In the sixth month of Elizabeth’s pregnancy, God sent the angel Gabriel to Nazareth, a town in Galilee, to a virgin pledged to be married to a man named Joseph, a descendant of David. The virgin’s name was Mary. The angel went to her and said, “Greetings, you who are highly favored! The Lord is with you.” Mary was greatly troubled at his words and wondered what kind of greeting this might be.
Last Advent, I completed a series of pen and ink drawings, on paper, with watercolor washes. The drawing style is Mehndi, a style I learned when I spent some time in Varanasi, India. For the first drawing, I chose to focus on the annunciation, the encounter Mary had with the angel Gabriel. Mary was told she would bear a child supernaturally, by the Holy Spirit, the glory of the Lord. I drew her looking somewhat perplexed. No matter how deep her relationship was with Yahweh, Creator God, Mary had to have been somewhat overwhelmed.
But the angel said to her, “Do not be afraid, Mary; you have found favor with God. You will conceive and give birth to a son, and you are to call him Jesus. He will be great and will be called the Son of the Most High. The Lord God will give him the throne of his father David, and he will reign over Jacob’s descendants forever; his kingdom will never end.” “How will this be,” Mary asked the angel, “since I am a virgin?” The angel answered, “The Holy Spirit will come on you, and the power of the Most High will overshadow you. So the holy one to be born will be called the Son of God.
As we approach the holy season of the celebration of the birth of Messiah, Emmanuel, God with us, my pace in life has slowed significantly, due to my cancer fight. Because I have lots of hours of quiet, rest, naps, fatigue, I am taking longer moments of seeing, really seeing, Advent. Making art is first slow, intensional seeing, and then drawing or painting in response to this intense seeing.
As I “look” more carefully at this passage in the Bible about Advent, I see things I haven’t noticed before.
1. God was directing – He sent the angel.
2. The event had specific timing -the sixth month of Elizabeth’s pregnancy. It may have seemed like an interruption to Mary, but it was purposeful and planned within time.
3. The event was for a specific person, within a specific family. Mary was a real person.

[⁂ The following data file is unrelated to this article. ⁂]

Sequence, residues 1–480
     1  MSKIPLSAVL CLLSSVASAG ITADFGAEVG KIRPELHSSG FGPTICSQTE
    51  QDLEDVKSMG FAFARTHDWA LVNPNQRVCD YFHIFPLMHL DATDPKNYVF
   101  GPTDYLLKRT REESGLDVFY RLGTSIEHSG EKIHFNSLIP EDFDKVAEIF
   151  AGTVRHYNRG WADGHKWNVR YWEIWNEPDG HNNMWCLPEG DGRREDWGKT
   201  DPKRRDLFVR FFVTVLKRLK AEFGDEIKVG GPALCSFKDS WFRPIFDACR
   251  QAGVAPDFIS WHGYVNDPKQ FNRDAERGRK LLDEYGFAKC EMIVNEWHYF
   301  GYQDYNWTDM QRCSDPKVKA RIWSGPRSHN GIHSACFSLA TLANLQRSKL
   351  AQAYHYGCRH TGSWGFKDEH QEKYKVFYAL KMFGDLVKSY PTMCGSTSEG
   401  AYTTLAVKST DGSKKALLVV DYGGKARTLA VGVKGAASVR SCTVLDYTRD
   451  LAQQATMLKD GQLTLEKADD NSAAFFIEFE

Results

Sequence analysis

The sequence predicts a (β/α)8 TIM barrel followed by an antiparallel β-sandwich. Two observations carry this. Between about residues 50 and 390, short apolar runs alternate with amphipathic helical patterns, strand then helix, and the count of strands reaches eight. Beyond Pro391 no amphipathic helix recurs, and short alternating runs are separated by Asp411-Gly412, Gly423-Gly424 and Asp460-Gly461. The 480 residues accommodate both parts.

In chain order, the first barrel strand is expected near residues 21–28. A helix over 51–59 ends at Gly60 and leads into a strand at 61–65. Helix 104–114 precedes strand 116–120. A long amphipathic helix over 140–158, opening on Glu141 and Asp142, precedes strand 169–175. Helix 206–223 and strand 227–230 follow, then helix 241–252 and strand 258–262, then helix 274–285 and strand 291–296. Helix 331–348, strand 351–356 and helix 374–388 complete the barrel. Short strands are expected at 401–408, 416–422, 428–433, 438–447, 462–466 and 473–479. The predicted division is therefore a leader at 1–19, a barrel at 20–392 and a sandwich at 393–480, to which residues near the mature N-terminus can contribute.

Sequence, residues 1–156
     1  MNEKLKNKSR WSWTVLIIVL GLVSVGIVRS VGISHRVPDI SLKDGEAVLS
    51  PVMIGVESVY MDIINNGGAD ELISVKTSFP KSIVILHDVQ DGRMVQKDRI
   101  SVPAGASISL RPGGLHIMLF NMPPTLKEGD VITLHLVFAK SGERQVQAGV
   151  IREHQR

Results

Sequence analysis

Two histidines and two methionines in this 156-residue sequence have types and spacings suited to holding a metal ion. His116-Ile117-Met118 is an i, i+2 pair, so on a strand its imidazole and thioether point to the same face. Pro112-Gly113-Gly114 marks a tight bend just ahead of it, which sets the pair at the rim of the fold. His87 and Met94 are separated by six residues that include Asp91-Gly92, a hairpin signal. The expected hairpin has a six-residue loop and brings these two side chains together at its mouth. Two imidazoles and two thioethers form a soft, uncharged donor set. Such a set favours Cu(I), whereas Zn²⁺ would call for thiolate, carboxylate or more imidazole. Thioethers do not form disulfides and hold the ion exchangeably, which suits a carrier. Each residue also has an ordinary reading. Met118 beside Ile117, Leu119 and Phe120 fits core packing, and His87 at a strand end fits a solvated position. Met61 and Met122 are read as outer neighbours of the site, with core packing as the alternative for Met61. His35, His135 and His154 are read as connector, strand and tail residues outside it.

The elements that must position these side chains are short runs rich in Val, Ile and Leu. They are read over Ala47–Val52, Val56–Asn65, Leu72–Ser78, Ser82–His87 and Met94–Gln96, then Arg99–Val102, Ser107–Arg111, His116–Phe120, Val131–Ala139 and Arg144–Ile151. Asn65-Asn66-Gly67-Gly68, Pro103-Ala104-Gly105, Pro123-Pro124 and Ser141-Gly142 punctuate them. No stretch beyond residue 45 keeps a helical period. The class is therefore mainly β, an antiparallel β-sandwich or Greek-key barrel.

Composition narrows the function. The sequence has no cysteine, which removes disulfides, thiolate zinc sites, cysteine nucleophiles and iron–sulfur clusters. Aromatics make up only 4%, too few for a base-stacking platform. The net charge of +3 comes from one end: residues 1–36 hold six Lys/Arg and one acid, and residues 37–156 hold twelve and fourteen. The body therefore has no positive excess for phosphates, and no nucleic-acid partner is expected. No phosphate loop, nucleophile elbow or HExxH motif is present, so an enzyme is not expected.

4. Mary had God’s favor and companionship.
5. Mary must have felt safe enough to not run away from the angel. She was troubled, but not consumed with fear.
6. The angel comforts her troubled heart.
7. The angel is boldly honest with Mary.
For me, one who dreads, fears, upcoming chemo sessions because of the pain that follows thereafter, I look for God’s character in this part of the Bible. I see He is safe, He has a plan, He has timing connected with His plans, He has plans for specific people. I can take to heart that he is a God who gives favor and companionship; He speaks words of comfort, employing angels. (And most likely others?) He is honest. There is no beating around the bush on the plan.
Mary wants details on the impossible becoming possible – a virgin having a baby. It’s outside the natural order; many have swept the virgin birth under the rug, or tossed it overboard in order to line up the story with their limited thinking. (We often don’t think as deeply and soundly as God does.) Well, proving we truly aren’t God. Amazingly, miraculously, Mary trusts the angel knows what he’s talking about. Mary sets aside her life plans, her agenda. Incredible! Just maybe God had planned, and had prepared Mary for this assignment, in her young, trusting heart. “I am the Lord’s servant,” Mary answered. “May your word to me be fulfilled.” Then the angel left her.
“I am the Lord’s servant. I am the Lord’s servant,” I whisper to myself. That just might be an important place to start Advent. And, trusting God’s plan, cancer and all. Can I trust He has prepared me for this?
If you are interesting in purchasing these cards, I have a very limited number in my art “store” here:Mehndi Art Cards